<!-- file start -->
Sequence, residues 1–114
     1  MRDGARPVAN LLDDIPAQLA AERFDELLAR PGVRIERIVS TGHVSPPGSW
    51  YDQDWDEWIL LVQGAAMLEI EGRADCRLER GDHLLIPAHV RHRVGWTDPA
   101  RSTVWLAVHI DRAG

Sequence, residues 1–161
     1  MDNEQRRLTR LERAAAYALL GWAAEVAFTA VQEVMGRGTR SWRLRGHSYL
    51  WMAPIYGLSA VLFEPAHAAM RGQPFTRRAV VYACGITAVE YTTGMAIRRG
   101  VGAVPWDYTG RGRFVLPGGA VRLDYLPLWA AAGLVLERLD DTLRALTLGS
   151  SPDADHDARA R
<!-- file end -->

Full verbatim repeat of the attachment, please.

Sequence, residues 1–114
     1  MRDGARPVAN LLDDIPAQLA AERFDELLAR PGVRIERIVS TGHVSPPGSW
    51  YDQDWDEWIL LVQGAAMLEI EGRADCRLER GDHLLIPAHV RHRVGWTDPA
   101  RSTVWLAVHI DRAG

Sequence, residues 1–161
     1  MDNEQRRLTR LERAAAYALL GWAAEVAFTA VQEVMGRGTR SWRLRGHSYL
    51  WMAPIYGLSA VLFEPAHAAM RGQPFTRRAV VYACGITAVE YTTGMAIRRG
   101  VGAVPWDYTG RGRFVLPGGA VRLDYLPLWA AAGLVLERLD DTLRALTLGS
   151  SPDADHDARA R